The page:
Linköping University, Faculty of Health Sciences. Linköping University, Department of Medicine and Health Sciences, Physiology . Östergötlands Läns Landsting, Heart Centre, Department of Thoracic and Vascular Surgery.
    Jonasson, U
    Karlsson, Susanne
    Linköping University, Faculty of Health Sciences. Linköping University, Department of Neuroscience and Locomotion.
    Nordlund, Per-Johan
    Linköping University, The Institute of Technology. Linköping University, Department of Electrical Engineering.
    Johansson, A
    Malstam, J
    Multicentre study of validity and interrater reliability of the modified Nursing Care Recording System (NCR11) for assessment of workload in the ICU2004In: Acta Anaesthesiologica Scandinavica, ISSN 0001-5172, E-ISSN 1399-6576, Vol. 48, no 6, p. 690-696Article in journal (Refereed)
    Abstract [en]

    Background: Reliable assessment of nursing workload is necessary for the quantitative approach to staffing of intensive care units. The Nursing Care Recording System (NCR11) scores both the nursing contribution to patient care and those related to medical procedures. The purpose of the present work was to compare NCR11 scoring with the Therapeutic Intervention Scoring System (TISS) and Nine Equivalents of Nurse Manpower use Score (NEMS) and to examine the interrater reliability of NCR11 scoring. Methods: Bias and precision of workload scores (NCR11 vs. TISS or NEMS) were assessed for 6126 consecutive admissions (23910 ICU-days) at three intensive care units. Inter-rater reliability was analyzed by having nurses at nine ICUs score workload using NCR11 for three dummy intensive care patient cases presented over a 3-year period. Variability in scoring was analyzed using the coefficient of variation. Results: Agreement between NCR11 and TISS or NEMS was poor and limits of agreement were wide. Linear relationships between NCR11 and TISS or NEMS scores differed between units. Variability in NCR11 scoring decreased significantly from 10.4% to 5.9% between dummy cases 1 and 2 and remained low for patient case 3. Conclusion: The NCR11 does not measure the same elements of workload in the ICU as do TISS and NEMS. Inter-rater reliability with NCR11 is good, showing little variation in scoring between nurses.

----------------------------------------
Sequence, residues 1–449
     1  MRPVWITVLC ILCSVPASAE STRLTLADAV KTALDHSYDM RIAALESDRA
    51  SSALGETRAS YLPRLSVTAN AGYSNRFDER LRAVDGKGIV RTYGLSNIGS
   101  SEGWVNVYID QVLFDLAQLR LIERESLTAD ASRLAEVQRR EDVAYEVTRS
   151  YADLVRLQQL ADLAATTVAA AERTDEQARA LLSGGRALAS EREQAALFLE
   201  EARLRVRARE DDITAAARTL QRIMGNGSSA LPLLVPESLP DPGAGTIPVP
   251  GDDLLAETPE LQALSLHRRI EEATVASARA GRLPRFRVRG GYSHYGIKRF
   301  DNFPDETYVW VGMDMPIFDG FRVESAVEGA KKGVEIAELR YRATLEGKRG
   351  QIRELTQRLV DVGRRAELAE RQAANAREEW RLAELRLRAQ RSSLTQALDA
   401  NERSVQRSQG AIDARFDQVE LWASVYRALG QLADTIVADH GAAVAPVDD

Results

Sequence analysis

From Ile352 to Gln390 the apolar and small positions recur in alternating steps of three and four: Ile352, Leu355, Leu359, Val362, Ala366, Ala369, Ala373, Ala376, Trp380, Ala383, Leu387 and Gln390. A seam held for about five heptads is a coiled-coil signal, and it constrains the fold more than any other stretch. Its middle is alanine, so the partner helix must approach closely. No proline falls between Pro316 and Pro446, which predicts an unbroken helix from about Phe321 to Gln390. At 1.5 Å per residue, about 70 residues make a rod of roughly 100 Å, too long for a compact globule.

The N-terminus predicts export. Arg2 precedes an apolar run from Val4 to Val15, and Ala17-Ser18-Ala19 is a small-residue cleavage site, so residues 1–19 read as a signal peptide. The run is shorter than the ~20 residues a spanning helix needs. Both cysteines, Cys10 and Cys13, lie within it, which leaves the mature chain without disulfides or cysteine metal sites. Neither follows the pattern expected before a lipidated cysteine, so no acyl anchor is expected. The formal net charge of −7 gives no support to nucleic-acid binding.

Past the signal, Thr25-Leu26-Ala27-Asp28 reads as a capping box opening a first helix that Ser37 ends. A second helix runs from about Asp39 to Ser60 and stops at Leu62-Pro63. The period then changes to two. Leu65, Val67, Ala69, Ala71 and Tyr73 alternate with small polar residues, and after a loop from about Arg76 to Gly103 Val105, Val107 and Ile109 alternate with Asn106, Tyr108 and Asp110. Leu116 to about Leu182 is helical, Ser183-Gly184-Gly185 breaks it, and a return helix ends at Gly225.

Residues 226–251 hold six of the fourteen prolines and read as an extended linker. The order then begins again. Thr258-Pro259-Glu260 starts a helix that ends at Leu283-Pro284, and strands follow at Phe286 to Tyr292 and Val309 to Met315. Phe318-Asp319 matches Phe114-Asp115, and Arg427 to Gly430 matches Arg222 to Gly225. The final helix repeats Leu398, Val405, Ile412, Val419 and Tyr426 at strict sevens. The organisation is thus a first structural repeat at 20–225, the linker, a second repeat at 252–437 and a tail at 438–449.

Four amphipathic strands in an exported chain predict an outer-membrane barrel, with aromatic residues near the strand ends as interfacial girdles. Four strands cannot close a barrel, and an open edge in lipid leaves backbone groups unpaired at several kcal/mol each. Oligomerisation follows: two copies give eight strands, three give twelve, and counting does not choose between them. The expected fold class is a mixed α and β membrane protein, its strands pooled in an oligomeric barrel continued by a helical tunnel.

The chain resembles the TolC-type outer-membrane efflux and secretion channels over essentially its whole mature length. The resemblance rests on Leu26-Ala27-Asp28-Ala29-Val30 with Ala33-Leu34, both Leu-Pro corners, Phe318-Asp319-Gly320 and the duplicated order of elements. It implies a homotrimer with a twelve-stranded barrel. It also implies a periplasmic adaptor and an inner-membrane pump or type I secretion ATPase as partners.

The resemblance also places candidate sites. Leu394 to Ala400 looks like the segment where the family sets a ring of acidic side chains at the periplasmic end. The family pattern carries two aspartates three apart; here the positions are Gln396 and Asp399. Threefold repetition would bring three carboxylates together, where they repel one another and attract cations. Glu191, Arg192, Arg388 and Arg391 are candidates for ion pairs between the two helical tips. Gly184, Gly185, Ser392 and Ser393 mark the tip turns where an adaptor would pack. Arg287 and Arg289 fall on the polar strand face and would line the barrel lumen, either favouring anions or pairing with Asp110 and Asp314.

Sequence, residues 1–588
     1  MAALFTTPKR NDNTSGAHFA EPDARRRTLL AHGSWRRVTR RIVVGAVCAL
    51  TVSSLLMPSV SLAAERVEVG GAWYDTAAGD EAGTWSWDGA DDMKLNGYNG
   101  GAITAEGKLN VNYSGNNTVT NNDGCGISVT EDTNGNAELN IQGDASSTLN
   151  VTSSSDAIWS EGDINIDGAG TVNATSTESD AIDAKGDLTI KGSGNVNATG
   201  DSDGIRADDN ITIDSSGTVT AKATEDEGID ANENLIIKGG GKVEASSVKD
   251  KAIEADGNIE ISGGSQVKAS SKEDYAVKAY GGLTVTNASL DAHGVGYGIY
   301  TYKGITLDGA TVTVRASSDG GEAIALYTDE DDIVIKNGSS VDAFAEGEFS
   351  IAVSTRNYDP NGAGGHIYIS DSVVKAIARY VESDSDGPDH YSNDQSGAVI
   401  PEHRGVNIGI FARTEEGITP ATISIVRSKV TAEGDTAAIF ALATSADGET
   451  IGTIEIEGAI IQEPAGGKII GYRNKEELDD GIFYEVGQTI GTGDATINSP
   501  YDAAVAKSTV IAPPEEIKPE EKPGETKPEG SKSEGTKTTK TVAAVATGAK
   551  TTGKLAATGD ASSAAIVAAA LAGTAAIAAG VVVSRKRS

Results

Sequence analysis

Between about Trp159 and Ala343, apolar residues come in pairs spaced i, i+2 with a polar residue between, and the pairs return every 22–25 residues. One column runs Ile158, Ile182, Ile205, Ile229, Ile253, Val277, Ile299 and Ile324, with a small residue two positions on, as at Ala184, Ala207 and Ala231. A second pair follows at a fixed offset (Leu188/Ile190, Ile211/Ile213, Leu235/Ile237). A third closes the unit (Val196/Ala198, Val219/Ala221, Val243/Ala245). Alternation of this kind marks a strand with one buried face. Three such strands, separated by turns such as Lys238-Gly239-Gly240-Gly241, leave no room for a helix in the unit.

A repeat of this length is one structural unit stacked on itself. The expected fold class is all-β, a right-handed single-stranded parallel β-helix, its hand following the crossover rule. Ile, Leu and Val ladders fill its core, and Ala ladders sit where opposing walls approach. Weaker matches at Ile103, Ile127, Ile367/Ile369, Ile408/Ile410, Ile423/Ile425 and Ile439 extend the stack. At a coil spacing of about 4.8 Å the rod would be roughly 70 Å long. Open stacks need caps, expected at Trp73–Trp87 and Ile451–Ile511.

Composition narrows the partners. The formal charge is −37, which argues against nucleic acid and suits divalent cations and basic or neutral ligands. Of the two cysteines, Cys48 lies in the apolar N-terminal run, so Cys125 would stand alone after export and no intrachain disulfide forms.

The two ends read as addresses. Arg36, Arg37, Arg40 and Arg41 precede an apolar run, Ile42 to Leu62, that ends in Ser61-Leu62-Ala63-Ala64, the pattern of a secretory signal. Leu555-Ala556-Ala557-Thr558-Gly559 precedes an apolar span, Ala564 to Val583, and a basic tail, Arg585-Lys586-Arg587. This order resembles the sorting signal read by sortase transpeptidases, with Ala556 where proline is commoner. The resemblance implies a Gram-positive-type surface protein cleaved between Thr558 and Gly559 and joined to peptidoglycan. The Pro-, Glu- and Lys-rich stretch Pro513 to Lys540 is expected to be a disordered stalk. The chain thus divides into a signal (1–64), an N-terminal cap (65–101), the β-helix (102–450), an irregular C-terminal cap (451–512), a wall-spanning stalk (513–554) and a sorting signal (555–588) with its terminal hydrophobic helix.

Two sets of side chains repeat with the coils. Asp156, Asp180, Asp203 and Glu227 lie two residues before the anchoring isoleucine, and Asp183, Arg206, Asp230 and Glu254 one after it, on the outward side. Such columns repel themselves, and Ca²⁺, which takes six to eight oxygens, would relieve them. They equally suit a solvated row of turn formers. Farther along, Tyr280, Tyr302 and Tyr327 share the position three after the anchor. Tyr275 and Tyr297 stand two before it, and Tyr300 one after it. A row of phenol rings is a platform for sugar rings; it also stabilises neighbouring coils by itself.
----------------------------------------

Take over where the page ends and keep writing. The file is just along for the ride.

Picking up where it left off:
• 374.
    Walther, Sten
    et al.
    Linköping University, Department of Medical and Health Sciences, Division of Cardiovascular Medicine. Linköping University, Faculty of Medicine and Health Sciences. Region Östergötland, Heart and Medicine Center, Department of Thoracic and Vascular Surgery.
    Nolin, Thomas
    Central Hospital, Kristianstad, Sweden.
    Unexpected gender bias among organ donors in Sweden during 2009-2013. A nationwide observational study.2015In: Acta Anaesthesiologica Scandinavica, ISSN 0001-5172, E-ISSN 1399-6576, Vol. 59, no Suppl. 121, article id O13-09Article in journal (Other academic)
    Abstract [en]

    Introduction: The  gap  between the  number of  organ  donors   and patients on waiting lists for transplantation is wide  globally. Understanding  reasons   for  variation in  organ  donation  between and  within  countries may  lead  to  increased availability of organs for transplantation.  The  purpose of  the  present analysis   was  to examine age and  gender of organ  donors  in Sweden.

    Methods:   All  deaths  in  Swedish   ICUs   during  2009–2013  were examined using  a prospectively determined protocol  comprising 10 primary questions. Protocols  were sent electronically to the  Swed- ish  Intensive   Care  Registry   (SIR) for  validation and   then joined with  the  appropriate ICU admission in the  SIR database. The rela- tionship between organ  donation and gender  was analysed using logistic  regression adjusted for  age  and comorbidities (as  defined in the SAPS3 model)  and  presented as odds  ratios  (OR).